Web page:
Crab Nebula’s Strange Pulsar Heart Slowly Going Off-Kilter
For the first time, astronomers have tracked the evolution of a pulsar’s magnetic field over time, watching as it slowly tilts toward the dead star’s equator. The new observations of the pulsar, located in the Crab Nebula, could offer clues to the long-standing problem of what slows pulsars’ rotation.
“Most pulsars are millions or tens of millions of years old,” said Andrew Lyne, emeritus professor of physics at the University of Manchester in the U.K., who led the study, which appears in the Nov. 1 issue of the journal Science. “So we don’t expect to see significant changes. But we have been looking at this for a substantial portion of its lifetime, some 40 out of 1,000 years.” The supernova that birthed the pulsar in the Crab Nebula occurred in A.D. 1054. Chinese and Arab astronomers both noted it.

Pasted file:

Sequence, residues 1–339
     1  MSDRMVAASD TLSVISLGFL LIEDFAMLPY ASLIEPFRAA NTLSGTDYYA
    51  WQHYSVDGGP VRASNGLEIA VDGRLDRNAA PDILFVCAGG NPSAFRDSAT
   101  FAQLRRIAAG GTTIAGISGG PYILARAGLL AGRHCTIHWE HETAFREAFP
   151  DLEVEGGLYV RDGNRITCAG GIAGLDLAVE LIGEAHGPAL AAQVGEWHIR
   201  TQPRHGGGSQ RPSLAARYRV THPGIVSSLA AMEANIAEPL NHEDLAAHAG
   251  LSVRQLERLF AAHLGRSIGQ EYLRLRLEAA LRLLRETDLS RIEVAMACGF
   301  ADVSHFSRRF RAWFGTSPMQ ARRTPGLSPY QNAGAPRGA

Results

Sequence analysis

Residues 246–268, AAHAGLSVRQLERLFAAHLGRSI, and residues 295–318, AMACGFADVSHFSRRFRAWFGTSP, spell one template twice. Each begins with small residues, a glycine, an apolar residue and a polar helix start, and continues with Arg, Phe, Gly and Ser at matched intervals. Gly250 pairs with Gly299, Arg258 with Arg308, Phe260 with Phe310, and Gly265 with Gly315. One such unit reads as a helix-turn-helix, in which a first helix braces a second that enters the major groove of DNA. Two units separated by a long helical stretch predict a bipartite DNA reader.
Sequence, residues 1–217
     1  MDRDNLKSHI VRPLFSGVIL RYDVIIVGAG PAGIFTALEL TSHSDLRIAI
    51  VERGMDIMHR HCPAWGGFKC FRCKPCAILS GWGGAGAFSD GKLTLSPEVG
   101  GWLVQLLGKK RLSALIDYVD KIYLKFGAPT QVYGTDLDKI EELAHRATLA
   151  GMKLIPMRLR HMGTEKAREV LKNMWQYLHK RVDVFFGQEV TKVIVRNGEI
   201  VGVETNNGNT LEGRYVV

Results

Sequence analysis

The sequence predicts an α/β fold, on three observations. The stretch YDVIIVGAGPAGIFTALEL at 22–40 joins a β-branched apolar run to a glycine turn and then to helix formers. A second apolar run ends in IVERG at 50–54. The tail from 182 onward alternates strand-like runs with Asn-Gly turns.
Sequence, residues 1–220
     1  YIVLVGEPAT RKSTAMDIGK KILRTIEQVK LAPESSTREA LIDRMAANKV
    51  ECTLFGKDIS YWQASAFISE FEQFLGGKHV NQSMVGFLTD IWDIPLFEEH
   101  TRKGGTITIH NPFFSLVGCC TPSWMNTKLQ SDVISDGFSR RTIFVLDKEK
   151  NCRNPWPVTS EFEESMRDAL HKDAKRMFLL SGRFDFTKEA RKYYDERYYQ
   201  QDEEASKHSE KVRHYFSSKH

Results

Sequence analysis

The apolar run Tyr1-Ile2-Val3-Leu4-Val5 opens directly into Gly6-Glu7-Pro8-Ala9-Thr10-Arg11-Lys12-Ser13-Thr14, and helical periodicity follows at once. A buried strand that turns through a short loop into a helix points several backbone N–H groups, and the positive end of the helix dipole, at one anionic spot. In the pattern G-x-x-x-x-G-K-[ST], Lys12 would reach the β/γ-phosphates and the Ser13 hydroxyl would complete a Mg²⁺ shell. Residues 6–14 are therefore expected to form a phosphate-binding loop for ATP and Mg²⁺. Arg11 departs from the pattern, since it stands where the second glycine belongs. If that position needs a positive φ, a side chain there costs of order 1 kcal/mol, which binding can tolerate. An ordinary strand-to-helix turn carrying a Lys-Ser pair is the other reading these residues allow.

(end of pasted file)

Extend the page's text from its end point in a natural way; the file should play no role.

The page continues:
That is a truly stunning image.